Dad’s Dadisms

My Dad’s Dadisms …Gina’s Favorites

by Gina Valley

It’s hard for me to believe it’s been a year since my dad was killed in an airplane accident. I will never get over losing him. My family and I are continuing to heal slowly. It is the hardest thing I’ve ever been through, and I was totally unprepared for how the grief would knock me on my rear.

Happy, funny memories like the ones that inspired this Gina’s Favorites post about him help me a lot with that process.

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Smile along with me.

Top 10 Dadisms

My dad was a pretty amazing guy.  In fact, the older I get, the smarter he gets!

He truly had this whole dad-thing down. You couldn’t find a better example. If you’re wondering what you need to be a real dad for the long haul, let these dadisms from my dad help you out:

#10.  You’ll need to develop a unique linguistic style. My dad had his own language. He was the only person I’ve known who used phrases like “Dab gum it!” or “Don’t be a panty waist!” (I’m still not sure what that means exactly, but I always took it to mean “Quit your whining and move your arse”).

#9.  You’ll need to be consistent. Every April 1st my dad went out to check my mom’s car’s tires, because every April 1st my mom told him, as an April Fool’s joke, that her car had a flat. Even though he usually remembered it’s April 1st long before he got to her car, he still checked on it. Just to be sure. Then, he’d go back in the house and play a joke on my mom.

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#8.  You’ll need to develop quality control systems. My dad reloaded the dishwasher after I loaded it. Every time. Even at my house. Of course, I did the same thing to him. Apple. Tree. All that.

#7.  You’ll need to find your center. My dad was the most even-keeled guy I’ve known. I once saw him get his finger caught in an electric auger and barely raise his voice. I screamed at my kids for letting the dog eat the Parmesan cheese last night (in my defense, the dog had run all over our house shaking the container as he went, thoroughly garnishing our home with a fine cheese coating. Nothing like a well garnished home to produce a “scream at someone” kind of moment).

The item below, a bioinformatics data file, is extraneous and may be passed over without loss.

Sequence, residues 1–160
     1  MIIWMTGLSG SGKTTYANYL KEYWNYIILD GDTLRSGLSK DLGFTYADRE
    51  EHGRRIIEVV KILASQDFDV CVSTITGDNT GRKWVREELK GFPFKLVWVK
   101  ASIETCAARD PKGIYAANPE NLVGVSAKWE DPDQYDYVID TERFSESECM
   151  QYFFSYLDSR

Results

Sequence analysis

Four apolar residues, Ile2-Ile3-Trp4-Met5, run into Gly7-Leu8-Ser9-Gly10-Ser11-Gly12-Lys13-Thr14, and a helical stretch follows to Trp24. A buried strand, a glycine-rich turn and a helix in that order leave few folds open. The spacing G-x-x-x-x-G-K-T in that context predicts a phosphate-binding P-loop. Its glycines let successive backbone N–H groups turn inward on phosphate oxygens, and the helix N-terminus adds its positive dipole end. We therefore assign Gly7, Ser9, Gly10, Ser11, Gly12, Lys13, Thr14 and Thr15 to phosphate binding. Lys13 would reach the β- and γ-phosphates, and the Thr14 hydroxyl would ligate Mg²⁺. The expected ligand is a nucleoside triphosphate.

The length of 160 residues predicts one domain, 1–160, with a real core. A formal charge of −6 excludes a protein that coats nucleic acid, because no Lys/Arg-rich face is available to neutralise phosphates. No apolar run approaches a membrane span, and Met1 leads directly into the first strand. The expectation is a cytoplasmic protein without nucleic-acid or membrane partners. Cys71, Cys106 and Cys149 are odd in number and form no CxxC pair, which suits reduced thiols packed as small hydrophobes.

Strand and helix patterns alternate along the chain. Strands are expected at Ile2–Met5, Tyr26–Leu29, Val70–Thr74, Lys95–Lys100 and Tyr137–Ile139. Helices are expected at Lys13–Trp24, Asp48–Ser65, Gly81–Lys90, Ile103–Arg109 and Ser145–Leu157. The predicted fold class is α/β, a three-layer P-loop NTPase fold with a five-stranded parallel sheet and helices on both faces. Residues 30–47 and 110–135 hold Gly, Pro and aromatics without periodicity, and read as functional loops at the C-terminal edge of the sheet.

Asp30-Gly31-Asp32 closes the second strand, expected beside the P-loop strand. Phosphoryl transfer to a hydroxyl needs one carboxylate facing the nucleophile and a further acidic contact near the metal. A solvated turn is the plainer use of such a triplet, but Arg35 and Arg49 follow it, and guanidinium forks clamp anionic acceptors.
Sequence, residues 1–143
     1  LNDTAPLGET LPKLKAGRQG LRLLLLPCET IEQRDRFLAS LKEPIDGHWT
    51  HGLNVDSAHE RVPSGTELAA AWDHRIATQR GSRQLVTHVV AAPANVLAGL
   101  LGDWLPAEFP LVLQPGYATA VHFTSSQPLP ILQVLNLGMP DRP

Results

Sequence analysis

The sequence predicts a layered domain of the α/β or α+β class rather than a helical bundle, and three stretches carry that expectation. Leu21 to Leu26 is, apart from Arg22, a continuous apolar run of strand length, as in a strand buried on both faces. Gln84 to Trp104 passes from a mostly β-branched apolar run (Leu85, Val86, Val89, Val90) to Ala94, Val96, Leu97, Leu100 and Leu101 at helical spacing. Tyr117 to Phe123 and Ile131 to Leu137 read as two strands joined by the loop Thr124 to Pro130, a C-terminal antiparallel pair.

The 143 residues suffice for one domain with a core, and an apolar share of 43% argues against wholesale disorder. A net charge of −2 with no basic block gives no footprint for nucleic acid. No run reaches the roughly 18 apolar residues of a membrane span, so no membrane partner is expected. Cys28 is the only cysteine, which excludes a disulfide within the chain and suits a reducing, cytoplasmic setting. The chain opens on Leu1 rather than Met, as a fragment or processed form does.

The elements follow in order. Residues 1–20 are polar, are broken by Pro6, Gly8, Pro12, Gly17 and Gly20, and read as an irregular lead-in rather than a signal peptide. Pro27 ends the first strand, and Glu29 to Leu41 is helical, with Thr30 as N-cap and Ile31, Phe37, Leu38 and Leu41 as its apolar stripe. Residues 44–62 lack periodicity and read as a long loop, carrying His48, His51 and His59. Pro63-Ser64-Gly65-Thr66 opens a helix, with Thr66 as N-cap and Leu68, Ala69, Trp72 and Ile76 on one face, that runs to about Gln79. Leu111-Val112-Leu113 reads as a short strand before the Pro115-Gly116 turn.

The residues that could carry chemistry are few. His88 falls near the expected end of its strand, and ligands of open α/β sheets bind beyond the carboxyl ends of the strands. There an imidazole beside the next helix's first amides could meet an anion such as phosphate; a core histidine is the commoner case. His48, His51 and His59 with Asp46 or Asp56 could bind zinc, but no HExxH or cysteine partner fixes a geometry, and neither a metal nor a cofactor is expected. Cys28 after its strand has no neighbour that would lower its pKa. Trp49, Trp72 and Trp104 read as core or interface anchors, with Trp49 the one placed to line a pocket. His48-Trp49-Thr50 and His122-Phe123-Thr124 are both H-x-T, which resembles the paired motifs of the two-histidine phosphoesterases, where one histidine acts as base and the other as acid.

#6.  You’ll need duct tape and a tool belt. My dad could fix anything. Anything. If he didn’t have the needed tool he’d get it. If they didn’t make the tool, he’d make it himself. I never heard my dad say “I can’t fix that.” He looked at stuff differently, through Dad-vision glasses. I might’ve see a former seating device, he saw a perfectly good chair that just needed 2 legs, an arm, a back, and a seat.

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#5.  You’ll need a rod and reel. My dad was an amazing fisherman. If there was a fish in the lake, he’d bring it home for dinner. I’m a pretty amazing fisherperson myself. If there’s wild caught salmon at Costco, I’ll wrassle a package into my cart every time.

#4.  You’ll need to speak “auto” and carry a big wrench. My dad was The Car-Whisperer. He rebuilt engines himself, left out a couple pieces, and still made them hum like new. I, on the other hand, am The Car-Killer. I’ve had cars burst into flames just because I thought about being on time to a meeting.

#3.  You’ll need to be a nutritionist. My dad always made sure people got just what they needed to eat. When my eldest child was only a few months old, my dad knew he needed some ice cream, and made sure he got some. I admit I wasn’t completely supportive of the idea at the time, but the fact that he chose Rocky Road to feed my little toothless wonder might have impacted my opinion.

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#2.  You’ll need to be a chef of haute cuisine. When I was a child and my dad would cook a meal, he always cooked everything in one pan. When we’d ask why he didn’t use separate pans for different foods, he’d reply, “Why? It’s all going to the same place.” Often, when I survey the mountain of pots and pans I’ve dirtied making dinner, I see the wisdom in my dad’s method.

#1.  You’ll need to realize that your kids will always be your kids. My dad still dad’ed me, until the very last time I saw him, even though I have kids of my own. He made sure I had a coat on when it was cold. He reminded me to drive safely. He told me I needed to eat more protein. In other words, he loved me.

Take a page from my dad, and you’ll be amazing.

And, no, you don’t have a flat tire.  Probably.

Well, you better go check.

Laugh Out Loud!

-gina

What do you see in the dads in your life?  What dadisms should I add to my list?  Shoot me a comment.  I’m looking forward to hearing all about it.

Photos courtesy of Stock.xchng – Used with permission
Lori Duff

You have a gift, Gina, of being funny and heartbreaking at the same time. I hear my Dad’s voice saying these two things all the time: “This, too, shall pass” and “To what end?” He taught me to question why I do what I do, and not to take any temporary problem too seriously.